}
			spriteWidget->add(tileWidget);
		}
	}
}

I simply extracted that giant collection of if/else chunks into a separate function called addSidewalksToTileWidget().

Sidewalks on streets

Now, you’ll note I said “refactor” above. Why the quotes? Well, as said, there are no tests around most of these non-member functions. I have no idea if I subtly broke something with this change. I think it looks fine, and when I play test the game, it still seems to be rendering sidewalks on streets as expected, but does it do the exact same thing as it did before? I have no way of verifying it. So it’s not really refactoring, because refactoring requires that I know with some confidence that I didn’t change the behavior when I changed the structure of the code.

You might also wonder what the above change bought me. Did I not just add more lines of code to InGameState.cpp?

Yes, yes I did. But as I said, the original function mixed layers of abstraction and was hard to read. It is now easier to read and understand. Future Me will be so pleased that Current Me didn’t get in his way when it comes to future updates.

Another example: getTimeText()

Ok, how about one that actually shrunk InGameState AND resulted in an increase in testing, giving me more confidence that the code works and will continue to work correctly in the future?

getTimeText() takes a TimeOfDay object and produces a string that I can render in the clock at the top left of the screen.

TimeOfDay handles dates, but for the purposes of this function, know that it has two important members: hour and minute. TimeOfDay uses 24 hours, and so based on the hour, getTimeText() needs to show a 12-hour clock and let you know if it is AM or PM.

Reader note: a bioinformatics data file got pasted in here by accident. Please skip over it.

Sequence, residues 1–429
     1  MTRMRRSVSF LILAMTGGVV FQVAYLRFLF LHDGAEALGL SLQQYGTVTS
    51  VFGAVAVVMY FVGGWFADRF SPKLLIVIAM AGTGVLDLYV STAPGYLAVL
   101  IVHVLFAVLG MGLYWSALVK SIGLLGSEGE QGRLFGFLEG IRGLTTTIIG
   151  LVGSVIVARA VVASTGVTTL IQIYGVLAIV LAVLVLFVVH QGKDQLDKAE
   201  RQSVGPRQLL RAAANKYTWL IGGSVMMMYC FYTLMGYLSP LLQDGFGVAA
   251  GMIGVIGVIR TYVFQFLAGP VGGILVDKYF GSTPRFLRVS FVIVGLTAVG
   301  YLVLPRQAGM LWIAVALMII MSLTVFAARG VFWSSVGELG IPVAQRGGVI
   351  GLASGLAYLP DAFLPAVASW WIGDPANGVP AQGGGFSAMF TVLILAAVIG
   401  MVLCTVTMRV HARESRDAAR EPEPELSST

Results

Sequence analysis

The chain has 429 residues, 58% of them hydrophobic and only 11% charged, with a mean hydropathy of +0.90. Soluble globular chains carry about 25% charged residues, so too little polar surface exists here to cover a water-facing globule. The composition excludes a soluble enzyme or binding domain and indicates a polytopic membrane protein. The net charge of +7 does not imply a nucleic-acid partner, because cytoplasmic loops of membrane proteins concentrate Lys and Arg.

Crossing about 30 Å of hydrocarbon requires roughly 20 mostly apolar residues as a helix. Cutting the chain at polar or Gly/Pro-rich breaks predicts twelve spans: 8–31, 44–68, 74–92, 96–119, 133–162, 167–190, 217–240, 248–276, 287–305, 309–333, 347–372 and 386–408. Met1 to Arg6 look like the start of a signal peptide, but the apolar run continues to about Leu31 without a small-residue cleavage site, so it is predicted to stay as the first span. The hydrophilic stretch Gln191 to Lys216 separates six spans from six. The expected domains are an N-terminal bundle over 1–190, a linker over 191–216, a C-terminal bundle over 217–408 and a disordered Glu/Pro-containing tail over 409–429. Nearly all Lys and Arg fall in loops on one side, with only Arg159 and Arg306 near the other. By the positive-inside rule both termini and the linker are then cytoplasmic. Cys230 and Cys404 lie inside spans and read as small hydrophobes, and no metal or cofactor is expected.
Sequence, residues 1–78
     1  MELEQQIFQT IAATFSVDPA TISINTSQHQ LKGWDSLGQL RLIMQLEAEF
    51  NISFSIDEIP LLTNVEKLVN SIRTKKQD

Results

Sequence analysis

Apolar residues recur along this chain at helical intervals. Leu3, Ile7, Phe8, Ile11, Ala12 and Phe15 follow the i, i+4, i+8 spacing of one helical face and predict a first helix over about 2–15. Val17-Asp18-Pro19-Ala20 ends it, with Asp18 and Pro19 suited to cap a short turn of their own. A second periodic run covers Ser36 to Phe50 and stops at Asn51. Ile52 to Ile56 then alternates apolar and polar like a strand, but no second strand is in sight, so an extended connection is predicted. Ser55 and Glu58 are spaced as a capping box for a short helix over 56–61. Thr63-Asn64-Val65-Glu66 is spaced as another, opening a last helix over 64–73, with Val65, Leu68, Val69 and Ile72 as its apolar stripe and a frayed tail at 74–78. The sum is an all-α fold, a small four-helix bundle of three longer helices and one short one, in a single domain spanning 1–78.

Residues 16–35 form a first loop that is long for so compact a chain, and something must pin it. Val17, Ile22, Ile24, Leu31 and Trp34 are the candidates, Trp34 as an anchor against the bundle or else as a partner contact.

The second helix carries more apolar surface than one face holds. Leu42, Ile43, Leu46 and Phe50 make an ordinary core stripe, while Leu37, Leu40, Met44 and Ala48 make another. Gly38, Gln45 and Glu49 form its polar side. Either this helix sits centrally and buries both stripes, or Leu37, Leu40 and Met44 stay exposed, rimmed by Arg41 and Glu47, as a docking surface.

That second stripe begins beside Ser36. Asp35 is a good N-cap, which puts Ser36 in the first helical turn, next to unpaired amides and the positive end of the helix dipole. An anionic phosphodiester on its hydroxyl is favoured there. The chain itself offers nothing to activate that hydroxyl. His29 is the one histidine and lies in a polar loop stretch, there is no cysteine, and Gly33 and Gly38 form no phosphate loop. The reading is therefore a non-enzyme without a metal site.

The minute isn’t an actual count of minutes. Time passes in Toytles: Leaf Raking in 10 minute increments, so TimeOfDay’s minute can have values 0 through 5. So getTimeText() will need to convert minute to one of the 10 minute increments to render.

For example, if getTimeText() takes a TimeOfDay object with an hour of 14 and a minute of 3, it will return the string “2:30 PM”.

The TimeOfDay struct was already in a separate file called Gamedata.h, mixed with other miscellaneous classes. But the following code was in InGameState.cpp:

std::string getTimeText(const TimeOfDay & timeOfDay)
{
	std::stringstream timeText;
	int currentHour = (timeOfDay.hour == 0) ? 12 : timeOfDay.hour;
	std::string periodString = (timeOfDay.hour >= 12 ) ? "PM" : "AM";
	
	if (currentHour > 12)
	{
		timeText << currentHour - 12;
	}
	else
	{
		timeText << currentHour;
	}

	if (timeOfDay.minute == 0)
	{
		timeText << ":00";
	}
	else
	{
		timeText << ":" << timeOfDay.minute * 10;
	}

	timeText << " " << periodString;

	return timeText.str();
}

Since it is so intimately tied to TimeOfDay, I decided to make it a member, and I wanted to be able to test this class, so I put it in its own .h and .cpp files.